Geology news

Mount St Helens - 30 years after

Science News April 10th ... this is a preview of a paper to be published on April 24th in Science News volume 177. If you have ever wondered what happened in the Mount St Helens landscape in the 30 years since it blew it's top so dramatically this is the article to read - www.sciencenews.org/view/feature/id/58034/title/A_fresh_look_at_Mount_St_Helens.htm , an interesting read but is largely concerned with the recovery of flora and fauna.

Supervolcanoes under the sea

At www.redorbit.com id1847871 April 8th ... scientists have been looking at a 145 million years old supervolcano on the ocean floor east of Japan. Known as Shatsky Rise it is composed of a huge outflowing of magma, some individual flows being as much as 75 feet thick. Geologists have argued about the formation and origin of large oceanic plateau - the mystery being in the origin of the magma. Was it deep mantle or from a shallower depth? They also seem to occur at the boundaries of tectonic plates.

Tails of a Recent Comet

At http://arxiv.org/abs/1004.0416 there is a reference to an SIS article, 'Tails of a Recent Comet' by Milton Zysman and Frank Wallace, in which they describe eskers and drumlins that appear to swarm up hills and across streams and valleys in discontinuous strands sometimes for 100s of km. They say they have their parallel beneath the oceans - a reference I think to the material attributed to iceberg activity in the Heinrich event model.

Glaciers

At http://researchnews.osu.edu/archive/greenmelt.htm has a story on Greenland glaciers - and what lies beneath them. The research is of course AGW orientated, but useful - the role of water flowing beneath the glaciers. They have found that such water has little actual influence on ice loss around the coast - which is caused by inter-action with the ocean.

Lava, climate change, and amber

Science Daily April 7th (www.sciencedaily.com/releases/2010/04/100406142602.html ) new research suggests the Columbia Plateau in the NW of the US was formed by a series of lava flows - and these happened much more quickly than previously imagined. It may even have changed earth's climate and caused some fauna and flora to become extinct.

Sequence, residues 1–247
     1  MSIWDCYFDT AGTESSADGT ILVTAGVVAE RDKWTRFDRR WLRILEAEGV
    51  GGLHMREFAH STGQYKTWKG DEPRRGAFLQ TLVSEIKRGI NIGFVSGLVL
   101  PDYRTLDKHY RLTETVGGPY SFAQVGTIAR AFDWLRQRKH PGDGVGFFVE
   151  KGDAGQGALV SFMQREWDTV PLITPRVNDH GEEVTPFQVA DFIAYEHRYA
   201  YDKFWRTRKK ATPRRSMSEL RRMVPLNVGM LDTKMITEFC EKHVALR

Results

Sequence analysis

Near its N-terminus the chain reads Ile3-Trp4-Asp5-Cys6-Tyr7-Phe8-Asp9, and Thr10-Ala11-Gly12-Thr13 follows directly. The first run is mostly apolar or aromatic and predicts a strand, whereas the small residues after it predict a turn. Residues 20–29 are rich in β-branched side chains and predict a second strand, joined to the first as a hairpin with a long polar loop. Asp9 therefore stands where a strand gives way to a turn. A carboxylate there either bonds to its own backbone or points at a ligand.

Mid Pliocene

The Daily Galaxy, March 31st (www.dailygalaxy.com) ... prehistoric fossils from a geological period, the mid-Pliocene (3.3 to 3.0 million years ago) that was apparently very warm, are being used to demonstrate how AGW will affect the earth in the future. No surprises there as the research was probably funded in order to find such a link with global warming - and therefore a gloss on that subject was a necessary feature of the findings.

Ice Ages in the early history of the earth

Getting back to March 31st 2010 www.physorg.com/print189258390.html another geologist claims to have solved a mystery - why earth's surface was not a big lump of ice four billion years ago when radiation from the sun was thought to have been weak. Previously, scientists had assumed the atmosphere then consisted of 30 per cent C02 trapping heat like a greenhouse (but see Peter Warlow's talk at the SIS Autumn Meeting a couple of years ago).

Hole in the Ground

BBC News March 24th ... deforestation has revealed what might be a giant impact crater in central Africa - in the Democratic Republic of Congo. The findings of an Italian researcher was presented at a Lunar and Planetary Science Conference in Texas and the shape of the crater is clearly visible from satellite imagery. It is unlikely to be recent as part of the structure has been eroded but future study on the ground is planned in order to place a date on the crater.

Plates and Tectonic Activity

At www.physorg.com/print188500078.html March 22nd ... a new model of the earth which took 20 years to construct offers a precise description of the relative movements of 25 interlocking tectonic plates over 95 + per cent of the surface of the planet. The model can be used to predict plate movement relative to any other plate. It is remarkably simple in a mathematical way, the research offers.

Triassic Boundary

www.physorg.com/print188488094.html March 22nd ... 200 million years ago most land on the planet was consolidated into a single continent - Pangea. There was no Atlantic Ocean and the animal world was dominated by creatures related to modern crocodiles. Their world was transformed after what appears to have been a huge catastrophe involving massive and widespread volcanic activity which in turn led to a spike in atmospheric greenhouse gases that wiped out half of the plant species and brought the Triassic to an end.